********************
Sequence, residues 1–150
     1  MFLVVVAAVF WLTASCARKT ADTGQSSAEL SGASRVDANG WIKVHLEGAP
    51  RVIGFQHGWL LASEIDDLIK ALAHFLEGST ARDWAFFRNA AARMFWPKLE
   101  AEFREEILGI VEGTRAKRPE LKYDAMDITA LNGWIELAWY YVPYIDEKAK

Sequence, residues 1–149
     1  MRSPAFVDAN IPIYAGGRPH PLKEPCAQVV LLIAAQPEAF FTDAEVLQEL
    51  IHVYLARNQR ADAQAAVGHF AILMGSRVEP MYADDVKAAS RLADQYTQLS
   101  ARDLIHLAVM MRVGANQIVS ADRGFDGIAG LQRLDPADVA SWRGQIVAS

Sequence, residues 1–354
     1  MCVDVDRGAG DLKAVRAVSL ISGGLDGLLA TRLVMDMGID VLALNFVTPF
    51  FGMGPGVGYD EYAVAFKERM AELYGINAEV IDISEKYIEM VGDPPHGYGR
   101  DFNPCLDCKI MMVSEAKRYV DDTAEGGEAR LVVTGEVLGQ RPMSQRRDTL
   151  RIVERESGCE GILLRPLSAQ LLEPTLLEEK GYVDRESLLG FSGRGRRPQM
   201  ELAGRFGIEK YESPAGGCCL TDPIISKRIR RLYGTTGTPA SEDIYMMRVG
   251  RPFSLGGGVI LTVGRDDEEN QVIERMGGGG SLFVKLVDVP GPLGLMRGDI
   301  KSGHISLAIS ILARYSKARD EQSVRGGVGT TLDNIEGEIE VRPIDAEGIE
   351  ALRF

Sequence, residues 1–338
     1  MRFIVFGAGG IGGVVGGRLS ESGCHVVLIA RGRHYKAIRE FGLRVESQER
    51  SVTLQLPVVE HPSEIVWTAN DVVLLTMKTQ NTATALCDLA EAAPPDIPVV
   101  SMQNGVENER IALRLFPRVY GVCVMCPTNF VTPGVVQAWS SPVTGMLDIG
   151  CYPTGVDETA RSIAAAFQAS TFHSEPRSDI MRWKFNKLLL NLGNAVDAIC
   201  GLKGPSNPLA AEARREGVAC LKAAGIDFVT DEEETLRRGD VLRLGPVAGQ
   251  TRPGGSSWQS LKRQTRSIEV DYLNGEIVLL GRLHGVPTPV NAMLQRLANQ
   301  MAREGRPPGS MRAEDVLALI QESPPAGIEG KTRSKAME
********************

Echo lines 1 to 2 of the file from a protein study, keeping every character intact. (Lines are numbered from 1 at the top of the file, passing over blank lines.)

Sequence, residues 1–150
     1  MFLVVVAAVF WLTASCARKT ADTGQSSAEL SGASRVDANG WIKVHLEGAP